Recently our clients and partners have been asking more and more questions about the mobile workplace. What does it mean? How exactly does it work? Is it right for them?
Mobility strategies for the workplace can mean different things for different organizations. For some companies, supporting mobility is a way to reduce real estate costs. For other companies, mobility is part of a broader strategy to support employee flexibility. Whether hoping to shrink your footprint to reduce real estate costs, or building a workplace model more aligned with employee expectations and work patterns – mobility in the workplace is once again a hot button issue, and can have a big impact on your space and workforce.
In general, there are two broad categories of mobility. External mobility means supporting people working remotely from home, a coworking space, or otherwise on the go. Internal mobility means supporting office-based staff with a greater mix spaces for individual and collaborative work within the office footprint. Internal mobility strategies allow organizations to take advantage of the latent vacancy already present in their workplace. External mobility strategies allow organizations to leverage an increasing array of real estate options that reduce the amount of space required for long term lease.
While a relatively simple concept, actually implementing a mobility strategy can be anything but. These strategies require careful coordination of space, technology, and protocols, and often face an uphill battling misunderstanding of what a mobile and flexible workplace really is. But when successful, mobility programs can help to reduce the overall real estate footprint, providing significant savings to the organization.
Before you put pen to paper, and roll out a mobility program at your own organization, consider the following four pillars of a mobile workplace:
1. Align People and Work Mode
The biggest factor in a mobility strategy is understanding the population at hand. What are the key work modes and work styles of your employee base? What kind of individual work or team collaboration takes place throughout the day or week? What spaces in the office (if at all) does your employee base use on a daily basis? How much of your staff works (or can work) remotely, and how much of your staff is required to be in the office for face-to-face work? Ultimately: In what ways can work happen away from the boundaries of the workstation or office?
One clear indication for a mobility-ready team is clearly patterns of peaks and troughs of occupancy. Pockets of consistent vacancy throughout the week will naturally influence the type of mobility strategy you can apply.
2. Find the Right Scale of Implementation
After considering your people and the culture of work styles, the next step is to consider the scale of who will actually be involved. Most of our clients begin by identifying the group(s) and department(s) that spend most time away from the office. How aggressive should the mobility program be applied? Or does it make sense to pilot with a specific group first? And if selecting a pilot, what is the work flow relationship between the pilot group and other groups?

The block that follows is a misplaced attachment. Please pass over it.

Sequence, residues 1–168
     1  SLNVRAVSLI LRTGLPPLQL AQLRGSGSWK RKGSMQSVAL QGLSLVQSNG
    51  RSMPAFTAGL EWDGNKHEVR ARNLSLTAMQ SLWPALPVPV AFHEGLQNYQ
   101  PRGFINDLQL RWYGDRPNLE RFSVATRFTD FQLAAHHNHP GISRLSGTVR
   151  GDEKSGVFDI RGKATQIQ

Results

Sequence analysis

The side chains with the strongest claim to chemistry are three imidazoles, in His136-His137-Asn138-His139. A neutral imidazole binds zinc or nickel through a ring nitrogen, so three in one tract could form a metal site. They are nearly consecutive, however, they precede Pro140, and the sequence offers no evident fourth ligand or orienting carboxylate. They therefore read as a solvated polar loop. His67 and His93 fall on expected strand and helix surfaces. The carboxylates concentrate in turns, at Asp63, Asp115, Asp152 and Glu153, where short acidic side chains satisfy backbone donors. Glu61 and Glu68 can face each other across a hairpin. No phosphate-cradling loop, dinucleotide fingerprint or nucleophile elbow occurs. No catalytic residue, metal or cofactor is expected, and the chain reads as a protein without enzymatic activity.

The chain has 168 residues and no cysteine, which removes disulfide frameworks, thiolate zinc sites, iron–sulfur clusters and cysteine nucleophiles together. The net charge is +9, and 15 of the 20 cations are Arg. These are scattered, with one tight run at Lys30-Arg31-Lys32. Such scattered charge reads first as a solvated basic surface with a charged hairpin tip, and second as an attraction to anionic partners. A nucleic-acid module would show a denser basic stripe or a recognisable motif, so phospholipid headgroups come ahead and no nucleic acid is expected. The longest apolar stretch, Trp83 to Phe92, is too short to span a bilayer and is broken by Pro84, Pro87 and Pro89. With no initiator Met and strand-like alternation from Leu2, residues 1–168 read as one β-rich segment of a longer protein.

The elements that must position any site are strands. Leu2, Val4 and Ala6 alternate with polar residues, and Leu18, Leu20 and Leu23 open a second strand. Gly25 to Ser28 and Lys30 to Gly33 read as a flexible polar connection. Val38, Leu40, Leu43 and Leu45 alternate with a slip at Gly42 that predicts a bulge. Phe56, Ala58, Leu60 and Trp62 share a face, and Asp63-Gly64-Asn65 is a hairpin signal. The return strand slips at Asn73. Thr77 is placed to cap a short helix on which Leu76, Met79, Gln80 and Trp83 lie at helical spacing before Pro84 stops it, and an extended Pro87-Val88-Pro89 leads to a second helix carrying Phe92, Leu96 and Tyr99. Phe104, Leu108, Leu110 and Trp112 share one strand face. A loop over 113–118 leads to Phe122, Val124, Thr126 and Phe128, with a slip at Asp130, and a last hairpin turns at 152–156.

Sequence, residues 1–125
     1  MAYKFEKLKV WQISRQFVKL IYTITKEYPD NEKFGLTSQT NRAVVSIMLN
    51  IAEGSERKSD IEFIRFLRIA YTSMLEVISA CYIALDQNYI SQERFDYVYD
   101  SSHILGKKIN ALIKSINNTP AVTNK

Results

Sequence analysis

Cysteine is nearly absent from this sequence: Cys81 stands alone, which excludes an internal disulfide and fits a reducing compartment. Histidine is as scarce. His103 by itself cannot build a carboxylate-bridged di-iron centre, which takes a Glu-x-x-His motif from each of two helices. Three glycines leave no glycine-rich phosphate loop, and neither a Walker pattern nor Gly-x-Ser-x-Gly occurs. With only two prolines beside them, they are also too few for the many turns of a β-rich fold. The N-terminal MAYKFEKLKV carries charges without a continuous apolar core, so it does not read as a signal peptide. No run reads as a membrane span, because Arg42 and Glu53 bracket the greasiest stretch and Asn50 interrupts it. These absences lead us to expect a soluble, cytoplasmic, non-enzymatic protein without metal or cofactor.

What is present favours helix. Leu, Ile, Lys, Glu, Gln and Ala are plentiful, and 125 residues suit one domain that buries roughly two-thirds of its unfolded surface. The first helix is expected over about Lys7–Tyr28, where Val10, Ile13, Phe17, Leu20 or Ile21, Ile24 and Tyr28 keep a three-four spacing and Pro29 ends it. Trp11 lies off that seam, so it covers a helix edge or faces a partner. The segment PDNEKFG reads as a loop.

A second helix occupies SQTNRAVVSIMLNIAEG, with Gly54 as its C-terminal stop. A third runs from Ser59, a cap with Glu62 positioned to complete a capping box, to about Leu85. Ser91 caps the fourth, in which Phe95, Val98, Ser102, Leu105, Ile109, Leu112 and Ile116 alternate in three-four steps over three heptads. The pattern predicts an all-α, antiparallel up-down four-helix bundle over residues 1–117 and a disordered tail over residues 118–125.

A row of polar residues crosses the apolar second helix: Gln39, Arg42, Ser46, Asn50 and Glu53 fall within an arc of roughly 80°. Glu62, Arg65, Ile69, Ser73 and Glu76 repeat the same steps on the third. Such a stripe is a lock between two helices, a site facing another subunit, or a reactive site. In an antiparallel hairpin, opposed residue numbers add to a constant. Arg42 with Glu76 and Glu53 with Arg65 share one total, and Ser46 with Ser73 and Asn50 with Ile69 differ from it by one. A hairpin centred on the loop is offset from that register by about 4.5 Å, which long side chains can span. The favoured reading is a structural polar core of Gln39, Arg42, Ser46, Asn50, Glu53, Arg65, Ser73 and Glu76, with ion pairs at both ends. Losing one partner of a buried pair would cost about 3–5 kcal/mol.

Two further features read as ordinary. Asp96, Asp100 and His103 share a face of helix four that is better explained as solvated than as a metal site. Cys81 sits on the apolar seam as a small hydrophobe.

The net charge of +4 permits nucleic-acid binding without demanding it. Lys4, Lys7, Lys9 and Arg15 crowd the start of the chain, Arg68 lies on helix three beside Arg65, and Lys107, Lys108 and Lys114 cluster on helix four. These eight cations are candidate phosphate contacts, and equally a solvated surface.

An effective planning tool is to identify workstyles. Who is internally mobile, externally mobile, and who are your resident workers? Quick wins begin with groups with the most flexibility. Consider those who can adjust easily when provided the correct adjacencies to the right teams and variety of secondary working points (huddle rooms, conference rooms, touchdown stations, focus/phone booths). Ultimately: How will mobility enhance or otherwise change everyday work flow?
3. Build your tech foundations
One of the key infrastructure requirements to have in place prior to rolling out a mobility program is the right technology solution. Organizations on laptops or thin client are halfway there, but other considerations – a robust network for Wi-Fi and VPN, peripherals like docking stations, headsets, and managed print solutions need to be coordinated to ensure functionality on Day 1 of implementation.
For companies considering supporting external mobility through coworking or work-from-home solutions, it is critical to consider the technology that employees are expected to use on a daily basis and ensuring compatibility with company tools. Coworking space providers increasingly work with enterprise clients to support remote teams and can provide organizations with IT solutions to ensure compatibility and compliance as needed.
Workplace technology is a series of interdependent critical path dependencies. Any successful mobility strategy is only as good as the weakest link in that path. Ultimately: What steps will be taken to ensure that technology enables – rather than hinders – successful mobility?
4. Walk the Walk
Gaining consensus and buy-in should start from the top down. The best planned mobility strategy can unravel with poor messaging and misunderstanding. Having senior leadership communicate new initiatives generates excitement and enthusiasm, and it helps to facilitate greater commitment of everyone involved. Leadership should walk the walk, and communicate openly the opportunities and challenges that mobility will bring.
Ultimately: Who will be your champion(s) for the program? Engage with them first to help craft the roll out and communications surrounding the project.
Implementing a mobility strategy may seem daunting at first, but start by building on the four pillars above.
Coming up in Part II of this post – common pitfalls and roadblocks for the mobile workplace.